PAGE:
January 22, 2011
It’s a tough time to be working for Texas.
Many state employees are on edge because their jobs might be among the 9,600 that could be eliminated as part of the bare-bones budget proposal that was released this week.
“‘Could that be me?’ You just don’t know,” said Julia Ruiz , a Texas General Land Office employee for the past 25 years whose husband also works for the state. “Not knowing what the future holds as far as employment is scary for us.”
And for those employees who survive the state’s deep budget cuts, major changes in benefits could be in the offing as Texas lawmakers try to dig out of a huge budget hole without raising taxes or using the $9.4 billion rainy day fund.
The potential layoffs are part of a proposed $156 billion budget of state and federal money for 2012-13 that is 17 percent smaller than the current two-year budget. It is the opening gambit in what is expected to be a long and wrenching process.
Cuts will be necessary to balance the budget, said state Sen. Kirk Watson, D-Austin .
But he added, “Are we doing it in a way that does the least damage to our state economy, to our citizens’ public safety and health, and to the personal lives of the people who have dedicated themselves to public service?”
The situation for state workers could have been — and could still get — much worse, employee groups say.
“There is some understanding that state employees provide a value to the state, and we’re in a precarious situation with morale,” Mike Gross , vice president of the Texas State Employees Union, said of the budget writers, led by state Rep. Jim Pitts, R-Waxahachie .
The budget proposal does not include mandatory furloughs or across-the-board salary reductions, as a group of conservative legislators recommended this week.
The Texas Conservative Coalition Research Institute estimated that the state could save $1.7 billion by skimming 10 percent from all state workers’ pay and requiring workers to take two days of unpaid leave per month.
“Every state employee entails an additional fiscal burden for state taxpayers given the generous salary, longevity pay, retirement benefits, health and life insurance, and overtime pay to which almost every state employee is entitled,” said the coalition’s budget blueprint released this week.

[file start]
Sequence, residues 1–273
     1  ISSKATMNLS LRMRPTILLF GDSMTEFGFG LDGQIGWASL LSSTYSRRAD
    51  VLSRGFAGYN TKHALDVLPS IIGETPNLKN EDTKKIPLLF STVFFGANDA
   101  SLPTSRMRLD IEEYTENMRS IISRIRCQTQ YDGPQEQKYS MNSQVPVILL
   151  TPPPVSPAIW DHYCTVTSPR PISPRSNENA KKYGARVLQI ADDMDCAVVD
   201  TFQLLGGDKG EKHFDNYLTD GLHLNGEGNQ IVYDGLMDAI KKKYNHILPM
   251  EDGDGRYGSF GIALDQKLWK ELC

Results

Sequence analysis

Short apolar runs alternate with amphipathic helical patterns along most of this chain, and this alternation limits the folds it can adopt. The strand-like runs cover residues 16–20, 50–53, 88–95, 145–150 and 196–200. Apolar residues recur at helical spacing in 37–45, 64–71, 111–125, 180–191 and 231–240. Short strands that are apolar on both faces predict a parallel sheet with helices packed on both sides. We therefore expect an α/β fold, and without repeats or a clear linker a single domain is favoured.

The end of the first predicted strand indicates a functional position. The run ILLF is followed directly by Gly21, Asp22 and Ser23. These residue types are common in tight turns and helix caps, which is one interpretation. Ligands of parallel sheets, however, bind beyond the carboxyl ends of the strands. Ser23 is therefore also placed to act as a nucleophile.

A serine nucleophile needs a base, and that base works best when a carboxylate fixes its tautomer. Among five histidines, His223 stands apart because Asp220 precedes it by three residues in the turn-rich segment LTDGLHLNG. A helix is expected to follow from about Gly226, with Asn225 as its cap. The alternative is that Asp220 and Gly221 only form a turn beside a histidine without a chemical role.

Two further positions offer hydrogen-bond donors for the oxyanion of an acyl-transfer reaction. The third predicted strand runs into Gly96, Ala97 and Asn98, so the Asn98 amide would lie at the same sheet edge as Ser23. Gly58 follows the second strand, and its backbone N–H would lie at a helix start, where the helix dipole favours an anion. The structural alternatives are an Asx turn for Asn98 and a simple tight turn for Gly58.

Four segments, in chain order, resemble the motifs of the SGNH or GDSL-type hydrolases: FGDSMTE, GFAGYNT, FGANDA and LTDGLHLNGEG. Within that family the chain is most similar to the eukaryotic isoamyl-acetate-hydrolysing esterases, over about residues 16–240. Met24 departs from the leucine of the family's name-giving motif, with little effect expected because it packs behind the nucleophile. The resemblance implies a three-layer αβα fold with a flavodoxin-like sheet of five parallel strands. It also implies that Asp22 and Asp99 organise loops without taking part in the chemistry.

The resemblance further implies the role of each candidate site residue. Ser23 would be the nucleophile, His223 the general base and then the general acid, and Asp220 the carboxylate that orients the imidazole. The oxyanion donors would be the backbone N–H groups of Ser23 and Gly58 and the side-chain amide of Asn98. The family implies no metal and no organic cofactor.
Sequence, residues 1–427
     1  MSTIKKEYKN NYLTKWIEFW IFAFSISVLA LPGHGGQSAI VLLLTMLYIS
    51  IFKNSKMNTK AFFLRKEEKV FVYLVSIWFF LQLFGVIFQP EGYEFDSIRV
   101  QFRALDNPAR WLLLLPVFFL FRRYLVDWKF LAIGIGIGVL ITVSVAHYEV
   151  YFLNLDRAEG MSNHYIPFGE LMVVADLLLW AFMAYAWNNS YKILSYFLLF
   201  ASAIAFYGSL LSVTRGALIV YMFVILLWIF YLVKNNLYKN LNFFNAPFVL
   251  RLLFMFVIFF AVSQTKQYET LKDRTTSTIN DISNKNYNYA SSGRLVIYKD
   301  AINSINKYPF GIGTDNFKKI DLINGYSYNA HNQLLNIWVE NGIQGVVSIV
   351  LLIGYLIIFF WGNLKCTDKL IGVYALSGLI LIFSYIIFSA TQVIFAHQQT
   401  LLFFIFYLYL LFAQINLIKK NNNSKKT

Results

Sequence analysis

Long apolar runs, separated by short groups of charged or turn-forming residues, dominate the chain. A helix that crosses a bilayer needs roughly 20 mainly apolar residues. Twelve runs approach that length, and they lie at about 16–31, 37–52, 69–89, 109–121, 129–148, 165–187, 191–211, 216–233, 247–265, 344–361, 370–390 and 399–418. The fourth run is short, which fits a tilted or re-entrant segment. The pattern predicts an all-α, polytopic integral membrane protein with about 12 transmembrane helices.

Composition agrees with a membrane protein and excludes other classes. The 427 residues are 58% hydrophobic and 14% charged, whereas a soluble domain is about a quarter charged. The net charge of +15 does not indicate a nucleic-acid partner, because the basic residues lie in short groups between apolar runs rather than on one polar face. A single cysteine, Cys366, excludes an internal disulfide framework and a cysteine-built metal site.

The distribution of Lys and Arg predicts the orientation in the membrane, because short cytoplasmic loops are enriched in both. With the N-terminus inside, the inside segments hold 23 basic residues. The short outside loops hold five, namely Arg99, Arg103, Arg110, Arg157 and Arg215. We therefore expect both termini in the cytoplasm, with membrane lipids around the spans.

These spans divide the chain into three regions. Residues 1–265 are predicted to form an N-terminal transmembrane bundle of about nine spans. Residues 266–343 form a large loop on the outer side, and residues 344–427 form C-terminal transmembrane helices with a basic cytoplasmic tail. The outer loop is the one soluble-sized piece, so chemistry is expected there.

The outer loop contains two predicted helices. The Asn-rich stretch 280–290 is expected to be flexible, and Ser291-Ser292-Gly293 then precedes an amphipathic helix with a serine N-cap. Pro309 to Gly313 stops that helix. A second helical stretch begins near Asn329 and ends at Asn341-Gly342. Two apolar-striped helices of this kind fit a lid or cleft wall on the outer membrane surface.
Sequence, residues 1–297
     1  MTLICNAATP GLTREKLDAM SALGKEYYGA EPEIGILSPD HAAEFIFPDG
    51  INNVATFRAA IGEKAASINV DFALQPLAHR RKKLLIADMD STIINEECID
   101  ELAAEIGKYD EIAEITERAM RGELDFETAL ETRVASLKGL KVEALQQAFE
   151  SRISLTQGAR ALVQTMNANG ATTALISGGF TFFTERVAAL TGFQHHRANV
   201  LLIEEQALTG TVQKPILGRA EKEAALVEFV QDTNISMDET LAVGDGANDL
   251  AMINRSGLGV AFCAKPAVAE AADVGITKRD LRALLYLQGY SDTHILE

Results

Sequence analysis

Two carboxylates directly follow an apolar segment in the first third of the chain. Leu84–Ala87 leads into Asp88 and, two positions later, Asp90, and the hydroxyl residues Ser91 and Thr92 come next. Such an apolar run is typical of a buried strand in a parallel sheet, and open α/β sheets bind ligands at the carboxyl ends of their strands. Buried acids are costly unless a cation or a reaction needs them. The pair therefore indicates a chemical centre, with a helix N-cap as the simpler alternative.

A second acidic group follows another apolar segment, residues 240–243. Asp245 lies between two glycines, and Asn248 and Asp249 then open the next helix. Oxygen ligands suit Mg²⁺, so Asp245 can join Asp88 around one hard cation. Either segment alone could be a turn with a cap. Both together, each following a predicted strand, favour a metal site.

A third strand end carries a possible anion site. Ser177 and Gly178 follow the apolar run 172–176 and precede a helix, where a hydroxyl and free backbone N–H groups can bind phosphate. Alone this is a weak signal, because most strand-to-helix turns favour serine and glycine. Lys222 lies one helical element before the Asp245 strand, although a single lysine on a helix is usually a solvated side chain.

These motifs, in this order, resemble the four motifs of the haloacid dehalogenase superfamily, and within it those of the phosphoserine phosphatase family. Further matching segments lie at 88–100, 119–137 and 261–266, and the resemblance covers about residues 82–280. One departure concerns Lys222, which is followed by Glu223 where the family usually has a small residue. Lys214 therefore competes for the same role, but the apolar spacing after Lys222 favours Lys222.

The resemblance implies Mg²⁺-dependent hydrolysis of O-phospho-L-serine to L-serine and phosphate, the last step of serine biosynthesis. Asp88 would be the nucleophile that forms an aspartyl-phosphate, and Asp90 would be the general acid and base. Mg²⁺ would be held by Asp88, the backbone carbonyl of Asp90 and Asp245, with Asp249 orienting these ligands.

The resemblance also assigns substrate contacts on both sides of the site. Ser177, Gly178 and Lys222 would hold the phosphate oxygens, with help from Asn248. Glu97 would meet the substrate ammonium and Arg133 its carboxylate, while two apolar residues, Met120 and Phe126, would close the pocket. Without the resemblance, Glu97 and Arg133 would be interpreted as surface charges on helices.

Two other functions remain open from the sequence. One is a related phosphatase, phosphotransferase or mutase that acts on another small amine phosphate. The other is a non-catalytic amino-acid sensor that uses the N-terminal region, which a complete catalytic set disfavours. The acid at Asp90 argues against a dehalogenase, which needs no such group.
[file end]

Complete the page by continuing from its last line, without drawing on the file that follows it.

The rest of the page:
That analysis ignores the reality of the state work force, specifically those who work outside the state’s colleges and universities, said Andy Homer , government relations director for the Texas Public Employees Association.
The average general government employee makes about $39,000 per year, and 81 percent are paid less than $50,000 , Homer said, citing figures from the state auditor and the Legislative Budget Board.
“We understand that we have to help, and there will be sacrifice by state employees to close this gap. But it shouldn’t be us alone,” Homer said.
Homer added that employees have often forgone pay raises to protect their health and retirement benefits. Now those benefits are under the knife.
In the budget proposal, the state would drop its pension contribution from 6.95 percent of payroll to 6 percent, the minimum allowed by the constitution. The employees’ contribution would drop to 6 percent per state law that says employees cannot be required to put in more than the state.
Such a change would probably push off the day that retirees will get an increase in their monthly pension checks, which last happened in 2001.
Several other changes could be in the works for employees, though they were not included in the introduced budget.
The state currently covers the full health insurance premium for employees and half the cost of dependents for a total of $2.3 billion in 2010. A recommendation from the Legislative Budget Board calls for the state to reduce its contribution, bumping up the annual cost for an individual employee by $492 and a family by $1,440. That change would raise $298 million and protect health benefits for employees and their families, according to the budget board.
In addition, employees who smoke could be assessed a $30 per month health care surcharge, and employees could be charged to park in state garages while at work.
“It’s just one more knock,” Gross said. “The equation of benefits, workload just doesn’t add up for enough people to get the work done.”
One consideration for lawmakers is that major changes to pay and benefits could push the 18,000 employees currently eligible for retirement — 13 percent of the general government work force — to leave.
While the Ruiz family’s source of income is on the line, Julia Ruiz said she is happy to still have her job because she has two children at home with big dreams for college.
“I’m just blessed to have a job, and I don’t care if I don’t receive any more raises. I just want my job. That’s the only security blanket I need,” she said.